This is a special reward available to Patreon patrons who pledge at the $10 or $20 a month levels. Each month those patrons will pick a film for me to review. They also get to include some of their own thoughts about the movie, if they choose. This Pick comes from Matt Harris.
Bad Day at Black Rock (1955)
Written by Don McGuire and Millard Kaufman
Directed by John Sturges
The frenzy of war often brings the greatest evil out of people. Humans have a penchant for looking for an Other to blame for their ills and the sins of the world. We don’t have to go too far back in our history to find an endless parade of atrocities and hate crimes perpetrated on these Others. The murders and savagery never quell the sense of discontent in the perpetrators, instead planting a ball of guilt in their stomach that festers & boils. How foolishly we target individuals rather than the systems in the place that create war and strife. Easier to kill an innocent person who doesn’t look like you or speaks a different language than work for solidarity to overcome the wrong we all feel. Bad Day at Black Rock is a modern folktale about justice being visited on people guilty of such crimes.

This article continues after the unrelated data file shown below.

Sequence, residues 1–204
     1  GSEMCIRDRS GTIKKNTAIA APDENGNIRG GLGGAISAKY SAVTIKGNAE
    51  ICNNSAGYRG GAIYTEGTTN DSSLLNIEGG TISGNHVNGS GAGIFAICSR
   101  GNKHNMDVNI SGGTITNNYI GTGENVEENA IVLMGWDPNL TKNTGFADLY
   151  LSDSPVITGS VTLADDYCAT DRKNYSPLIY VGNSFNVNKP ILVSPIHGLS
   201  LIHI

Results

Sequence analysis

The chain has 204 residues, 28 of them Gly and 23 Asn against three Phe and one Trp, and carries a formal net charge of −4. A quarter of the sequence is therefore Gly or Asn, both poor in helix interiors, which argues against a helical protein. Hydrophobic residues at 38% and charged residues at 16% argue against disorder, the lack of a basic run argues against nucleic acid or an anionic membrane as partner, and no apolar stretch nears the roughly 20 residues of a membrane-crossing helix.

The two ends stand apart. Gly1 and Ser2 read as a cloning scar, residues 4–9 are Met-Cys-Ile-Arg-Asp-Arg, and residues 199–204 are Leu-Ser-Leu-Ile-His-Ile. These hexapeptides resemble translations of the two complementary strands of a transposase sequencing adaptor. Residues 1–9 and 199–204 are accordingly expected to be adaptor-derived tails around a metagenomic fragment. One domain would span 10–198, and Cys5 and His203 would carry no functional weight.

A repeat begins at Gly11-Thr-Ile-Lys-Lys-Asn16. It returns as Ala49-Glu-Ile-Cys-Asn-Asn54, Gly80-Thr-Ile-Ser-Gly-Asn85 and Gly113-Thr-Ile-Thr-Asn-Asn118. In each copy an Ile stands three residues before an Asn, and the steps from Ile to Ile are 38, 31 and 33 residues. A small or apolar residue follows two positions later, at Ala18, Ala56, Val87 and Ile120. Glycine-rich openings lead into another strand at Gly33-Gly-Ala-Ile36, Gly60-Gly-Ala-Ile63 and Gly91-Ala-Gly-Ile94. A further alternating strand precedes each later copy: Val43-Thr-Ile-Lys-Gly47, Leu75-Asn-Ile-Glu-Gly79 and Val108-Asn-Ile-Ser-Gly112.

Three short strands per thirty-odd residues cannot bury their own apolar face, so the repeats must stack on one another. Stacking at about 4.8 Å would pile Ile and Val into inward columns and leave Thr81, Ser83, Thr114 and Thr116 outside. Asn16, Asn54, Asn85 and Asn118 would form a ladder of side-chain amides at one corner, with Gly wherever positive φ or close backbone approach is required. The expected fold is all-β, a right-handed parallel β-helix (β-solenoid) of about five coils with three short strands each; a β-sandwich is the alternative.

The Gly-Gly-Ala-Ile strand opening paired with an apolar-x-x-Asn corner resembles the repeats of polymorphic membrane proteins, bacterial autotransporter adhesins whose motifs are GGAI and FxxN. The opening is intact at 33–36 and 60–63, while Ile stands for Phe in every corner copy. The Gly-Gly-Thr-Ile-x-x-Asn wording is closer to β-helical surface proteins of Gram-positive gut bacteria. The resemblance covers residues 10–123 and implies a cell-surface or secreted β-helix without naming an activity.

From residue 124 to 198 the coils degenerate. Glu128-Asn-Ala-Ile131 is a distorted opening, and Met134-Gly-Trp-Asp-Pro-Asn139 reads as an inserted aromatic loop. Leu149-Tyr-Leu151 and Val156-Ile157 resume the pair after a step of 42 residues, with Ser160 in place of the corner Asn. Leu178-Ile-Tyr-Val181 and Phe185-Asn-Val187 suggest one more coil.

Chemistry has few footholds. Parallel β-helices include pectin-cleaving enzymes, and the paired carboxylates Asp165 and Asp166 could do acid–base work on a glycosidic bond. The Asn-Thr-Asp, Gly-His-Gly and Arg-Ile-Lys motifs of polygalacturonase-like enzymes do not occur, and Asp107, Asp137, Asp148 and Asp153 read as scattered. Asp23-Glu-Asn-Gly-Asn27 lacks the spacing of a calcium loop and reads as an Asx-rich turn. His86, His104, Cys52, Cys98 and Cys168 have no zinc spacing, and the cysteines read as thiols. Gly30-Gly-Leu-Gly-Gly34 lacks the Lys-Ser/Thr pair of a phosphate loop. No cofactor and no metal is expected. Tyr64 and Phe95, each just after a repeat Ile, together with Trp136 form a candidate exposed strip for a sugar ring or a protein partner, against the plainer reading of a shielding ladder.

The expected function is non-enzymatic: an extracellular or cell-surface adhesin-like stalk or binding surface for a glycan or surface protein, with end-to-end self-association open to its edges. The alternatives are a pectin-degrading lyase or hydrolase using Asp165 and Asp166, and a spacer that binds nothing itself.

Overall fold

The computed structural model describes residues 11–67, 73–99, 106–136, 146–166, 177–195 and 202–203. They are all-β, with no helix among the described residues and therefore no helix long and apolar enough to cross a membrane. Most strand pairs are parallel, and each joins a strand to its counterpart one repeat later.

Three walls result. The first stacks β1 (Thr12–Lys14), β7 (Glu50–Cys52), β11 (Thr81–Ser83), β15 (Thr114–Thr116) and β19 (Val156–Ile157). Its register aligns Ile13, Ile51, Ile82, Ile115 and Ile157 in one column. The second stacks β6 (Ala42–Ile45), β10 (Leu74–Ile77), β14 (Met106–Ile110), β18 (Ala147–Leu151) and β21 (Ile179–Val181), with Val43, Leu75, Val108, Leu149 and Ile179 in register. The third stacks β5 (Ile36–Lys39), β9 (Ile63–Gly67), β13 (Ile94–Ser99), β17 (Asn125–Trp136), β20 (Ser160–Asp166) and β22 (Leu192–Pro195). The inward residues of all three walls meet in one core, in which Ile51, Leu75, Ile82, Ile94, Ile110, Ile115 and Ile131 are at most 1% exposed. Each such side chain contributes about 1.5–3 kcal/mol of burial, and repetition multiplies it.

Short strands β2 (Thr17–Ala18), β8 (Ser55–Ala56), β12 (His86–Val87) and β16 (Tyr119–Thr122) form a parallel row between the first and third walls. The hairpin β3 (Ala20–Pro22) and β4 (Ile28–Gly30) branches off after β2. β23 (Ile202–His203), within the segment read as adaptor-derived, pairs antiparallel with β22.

Macreedy (Spencer Tracy) steps off the train in Black Rock, California, and causes ripples in the quiet lives of this isolated town. The handful of citizens there eye him with suspicion and mistrust. He’s bullied by a couple of local toughs (Ernest Borgnine, Lee Marvin) and told him there’s no room at the hotel and no place to eat at the diner. We get answers when Macreedy is confronted by resident Reno Smith (Robert Ryan) as the visitor explains he’s come to visit an old friend, Komoko. Smith tells Macreedy that his Japanese friend got shipped off to an internment camp years ago, nothing to see in Black Rock. But the newcomer doesn’t believe these lies, and he knows there’s a hatred roiling under the surface here. Despite full awareness of the threat to his life, the protagonist continues pursuing the truth, no matter how horrific it may be.